Our favorite quotation by Stendhal:

"The only excuse for God is that he does not exist."

Thursday, June 16, 2016

To my bed of dirt


George ("Superman") Reeves committed suicide on this day in 1959. He was being visited by friends, when he announced:

"I'm tired. I'm going back to bed."

He went to his bedroom and shot himself in the head.

For a year's worth of super-entertaining last words:

Farewells: An Almanac of Parting Thoughts

Monday, April 25, 2016

The cesspool gets sweeter every year


Actor George Sanders (Academy Award for All About Eve) committed suicide on this day in 1972. His suicide note read:

"Dear World, I am leaving you because I am bored. I feel I have lived long enough. I am leaving you with your worries in this sweet cesspool - good luck."


Sunday, April 24, 2016

That'll do it, every time

This is the date of death of American writer Willa Cather (Death Comes for the Archbishop). She said:

"I shall not die of a cold. I shall die of having lived."

Wednesday, April 13, 2016

Cold Chamfort

Nicolas de Chamfort, the French writer and wit, died on this day in 1794. He was famous for his Maximes et Pensees (Maxims and Thoughts).

Chamfort spent a short time in prison for his political opinions following the French Revolution. ("If it were not for the government, we should have nothing to laugh at in France," he wrote.)

After his release he was threatened with prison again. In September 1793 he locked himself into his office and shot himself in the face. The pistol malfunctioned and he succeeded only in shooting off his nose and part of his jaw.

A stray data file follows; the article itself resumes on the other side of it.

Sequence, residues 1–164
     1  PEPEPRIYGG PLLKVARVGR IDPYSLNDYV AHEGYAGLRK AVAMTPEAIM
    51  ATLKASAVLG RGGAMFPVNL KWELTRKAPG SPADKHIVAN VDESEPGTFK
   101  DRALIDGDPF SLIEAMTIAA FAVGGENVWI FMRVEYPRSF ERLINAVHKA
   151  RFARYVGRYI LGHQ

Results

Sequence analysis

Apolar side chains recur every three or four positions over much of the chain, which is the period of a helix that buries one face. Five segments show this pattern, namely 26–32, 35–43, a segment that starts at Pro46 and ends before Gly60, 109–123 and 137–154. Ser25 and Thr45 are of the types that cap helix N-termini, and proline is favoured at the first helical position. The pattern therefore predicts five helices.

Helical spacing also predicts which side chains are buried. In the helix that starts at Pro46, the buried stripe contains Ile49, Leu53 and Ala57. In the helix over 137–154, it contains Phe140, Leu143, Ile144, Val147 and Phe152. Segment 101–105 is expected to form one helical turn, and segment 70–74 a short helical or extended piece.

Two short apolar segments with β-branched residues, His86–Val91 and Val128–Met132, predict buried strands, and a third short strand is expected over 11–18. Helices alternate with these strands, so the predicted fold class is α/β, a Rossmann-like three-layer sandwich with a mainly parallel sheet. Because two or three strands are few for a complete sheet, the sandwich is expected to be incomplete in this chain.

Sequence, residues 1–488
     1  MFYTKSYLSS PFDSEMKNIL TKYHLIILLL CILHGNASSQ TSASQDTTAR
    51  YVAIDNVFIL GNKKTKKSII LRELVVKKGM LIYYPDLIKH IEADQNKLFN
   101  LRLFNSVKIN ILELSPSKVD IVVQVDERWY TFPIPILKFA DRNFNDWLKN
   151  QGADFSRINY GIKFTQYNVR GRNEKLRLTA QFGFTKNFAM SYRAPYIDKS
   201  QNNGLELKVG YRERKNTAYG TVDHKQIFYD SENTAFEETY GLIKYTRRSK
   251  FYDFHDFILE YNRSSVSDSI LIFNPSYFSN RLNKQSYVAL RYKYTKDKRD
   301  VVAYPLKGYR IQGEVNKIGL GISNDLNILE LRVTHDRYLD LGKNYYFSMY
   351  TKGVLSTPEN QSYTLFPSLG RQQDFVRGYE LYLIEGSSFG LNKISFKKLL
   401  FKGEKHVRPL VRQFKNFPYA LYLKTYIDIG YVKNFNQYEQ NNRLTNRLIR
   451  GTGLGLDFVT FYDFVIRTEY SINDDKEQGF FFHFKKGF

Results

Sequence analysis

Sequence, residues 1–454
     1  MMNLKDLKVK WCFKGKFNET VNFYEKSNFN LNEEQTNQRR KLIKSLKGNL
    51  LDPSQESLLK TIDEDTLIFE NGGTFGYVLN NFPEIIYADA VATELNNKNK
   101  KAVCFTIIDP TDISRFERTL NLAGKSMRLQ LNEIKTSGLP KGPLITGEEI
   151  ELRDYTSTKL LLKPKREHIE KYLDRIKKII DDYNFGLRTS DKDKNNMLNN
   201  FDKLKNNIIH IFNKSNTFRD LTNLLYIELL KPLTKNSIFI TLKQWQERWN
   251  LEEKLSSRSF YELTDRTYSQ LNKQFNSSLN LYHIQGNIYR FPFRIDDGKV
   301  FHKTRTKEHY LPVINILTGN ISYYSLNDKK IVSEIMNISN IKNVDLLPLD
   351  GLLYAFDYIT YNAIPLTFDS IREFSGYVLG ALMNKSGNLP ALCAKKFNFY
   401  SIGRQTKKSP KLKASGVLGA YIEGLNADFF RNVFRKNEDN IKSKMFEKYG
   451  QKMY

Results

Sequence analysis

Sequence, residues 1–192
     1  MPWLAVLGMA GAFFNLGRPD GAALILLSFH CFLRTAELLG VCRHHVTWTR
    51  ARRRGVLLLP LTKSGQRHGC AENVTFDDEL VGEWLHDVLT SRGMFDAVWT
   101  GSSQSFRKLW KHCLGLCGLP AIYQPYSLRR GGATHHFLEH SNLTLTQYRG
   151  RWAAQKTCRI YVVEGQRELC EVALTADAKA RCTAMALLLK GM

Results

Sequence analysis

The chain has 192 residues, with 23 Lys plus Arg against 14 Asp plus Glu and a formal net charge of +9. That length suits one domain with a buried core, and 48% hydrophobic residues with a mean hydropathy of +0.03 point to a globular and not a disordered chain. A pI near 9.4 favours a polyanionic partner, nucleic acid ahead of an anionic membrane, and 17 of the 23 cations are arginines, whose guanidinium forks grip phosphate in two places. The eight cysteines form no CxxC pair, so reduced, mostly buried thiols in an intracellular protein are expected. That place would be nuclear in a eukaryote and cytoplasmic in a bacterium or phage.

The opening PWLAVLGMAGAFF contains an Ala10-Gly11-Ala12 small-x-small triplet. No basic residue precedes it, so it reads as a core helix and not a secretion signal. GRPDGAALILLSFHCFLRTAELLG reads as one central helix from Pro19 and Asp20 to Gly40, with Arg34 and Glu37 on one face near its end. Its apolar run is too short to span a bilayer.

He then repeatedly stabbed himself in the neck with a paper cutter, but failed to cut an artery. He finally used the paper cutter to stab himself in the chest.

He dictated to those who came to arrest him:

"I, Sebastien-Roch Nicolas Chamfort, declare that I wished to die a free man rather than be enslaved in a house of detention."

Chamfort signed his famous death note in a firm hand and in his own blood. He did not die at once, but lingered on until April 13, 1794, in the charge of a gendarme, to whom he paid a crown a day. At one point he said, "I feel livelier than ever. What a pity I no longer care about living."

Near the end, Chamfort said to a priest:

"My friend, I'm finally taking leave of this earth, a place where one's heart must either break or be hard as bronze."

Some other mots by Chafort:

"The only thing that keeps God from sending another flood is that the first one was useless."

"I have three kinds of friends: those who love me, those who pay no attention to me, and those who detest me."

"Man may aspire to virtue, but he cannot reasonably aspire to truth."

And my favorite:

"Swallow a toad in the morning and you will encounter nothing more disgusting the rest of the day."

About life and death, Chamfort wrote:

"Living is a sickness to which sleep provides relief every sixteen hours. It's a palliative. The remedy is death."

For a whole year of last thoughts, last words and last things, click here

Tuesday, April 12, 2016

Take two aspirin and call the morgue in the morning


President Franklin Delano Roosevelt died on this day in 1945. He was on a retreat at Warm Springs, Georgia with his mistress, Lucy Page Rutherford, and having his portrait painted when he uttered these last words:

"I have a terrific headache."

Died recently in Nashville: Granny Apple, Harry Berry.

For a whole year's worth of last words and last thoughts, try this link

Monday, April 11, 2016

Last words to grow on

The world's worst blind date


American horticulturalist Luther Burbank died on this day in 1926. His last words:

"I don't feel good."

From horticulture to a horror of culture -- John Merrick, The Elephant Man, died on this day in 1890. In the movie, his last words are:
"Nothing ever dies."

For more touching last words, check out this link